The roots of 1:35 as a military modelling scale lie in early motorized plastic tank kits. To accommodate electric motors and gearboxes, these models needed to be made in a larger scale. There were many companies making such tanks, but it was Tamiya's example that made 1:35 a de facto standard.
After the success of the Panther, I thought it would be a good idea for us to produce other tanks from different countries in the same scale. I measured the Panther and it turned out to be about 1/35 of the size of the original. This size had been chosen simply because it would accommodate a couple of B-type batteries. Tamiya's 1/35 series tanks eventually got to be known around the world, but this is the slightly haphazard origin of their rather awkward scale.
Early kits in the scale, built around bulky motorization components, often sacrificed scale appearance and detail, but their large size and potential for intricate superdetailing appealed to hobbyists.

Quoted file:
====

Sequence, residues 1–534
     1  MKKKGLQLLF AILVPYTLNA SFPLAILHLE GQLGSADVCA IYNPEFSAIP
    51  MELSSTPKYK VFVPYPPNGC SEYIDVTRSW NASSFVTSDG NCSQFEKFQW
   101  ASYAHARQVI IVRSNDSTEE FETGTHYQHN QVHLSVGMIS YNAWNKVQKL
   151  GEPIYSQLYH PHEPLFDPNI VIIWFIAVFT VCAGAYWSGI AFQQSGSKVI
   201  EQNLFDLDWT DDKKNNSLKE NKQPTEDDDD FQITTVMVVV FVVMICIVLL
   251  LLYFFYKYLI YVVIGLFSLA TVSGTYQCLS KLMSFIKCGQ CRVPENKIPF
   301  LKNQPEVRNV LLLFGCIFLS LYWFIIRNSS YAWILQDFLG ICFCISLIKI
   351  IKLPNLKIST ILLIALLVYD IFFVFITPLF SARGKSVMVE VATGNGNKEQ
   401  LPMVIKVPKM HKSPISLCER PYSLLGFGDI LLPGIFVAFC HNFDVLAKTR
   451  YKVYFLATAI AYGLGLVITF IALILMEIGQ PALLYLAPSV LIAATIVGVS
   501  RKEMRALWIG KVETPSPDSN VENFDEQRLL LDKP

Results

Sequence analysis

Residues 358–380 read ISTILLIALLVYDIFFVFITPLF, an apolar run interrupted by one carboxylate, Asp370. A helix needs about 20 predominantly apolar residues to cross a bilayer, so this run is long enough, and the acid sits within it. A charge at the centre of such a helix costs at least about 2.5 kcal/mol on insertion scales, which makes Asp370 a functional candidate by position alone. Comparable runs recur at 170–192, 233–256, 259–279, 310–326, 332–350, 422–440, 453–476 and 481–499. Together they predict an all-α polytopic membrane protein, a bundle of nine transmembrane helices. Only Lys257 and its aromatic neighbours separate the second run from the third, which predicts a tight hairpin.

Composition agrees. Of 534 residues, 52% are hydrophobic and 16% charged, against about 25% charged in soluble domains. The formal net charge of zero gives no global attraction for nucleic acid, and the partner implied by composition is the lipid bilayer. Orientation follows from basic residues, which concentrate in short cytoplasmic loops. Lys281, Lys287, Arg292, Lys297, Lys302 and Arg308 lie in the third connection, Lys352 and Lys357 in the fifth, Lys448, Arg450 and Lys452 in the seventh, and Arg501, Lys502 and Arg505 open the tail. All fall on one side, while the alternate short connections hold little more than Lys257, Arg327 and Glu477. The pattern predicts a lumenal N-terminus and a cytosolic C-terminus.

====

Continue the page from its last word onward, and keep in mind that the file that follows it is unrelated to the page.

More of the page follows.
Over the years, kits have become more and more detailed and accurate, and nowadays there is a whole industry in 1:35 dedicated to offering aftermarket detail parts for kits. After a new kit is released, companies like Aber and Eduard usually make detail sets available for it, allowing modellers to replace kit parts with more accurate photoetched alternatives.
In terms of model range, 1:35 is typically limited to military land vehicles and figures. Some helicopter kits also exist in the scale, whereas large airplane kits are more commonly done in 1:32 scale. In recent years, there have been some aeroplane releases in 1:35 as well, typically of vehicles operating in close contact with ground forces, such as the Fieseler Storch liaison aircraft or the Horsa glider. The figures are usually designed to go with the AFV's though, and are largely based around World War II. World War I figures are unusual and pre-1914 figures are very rare indeed.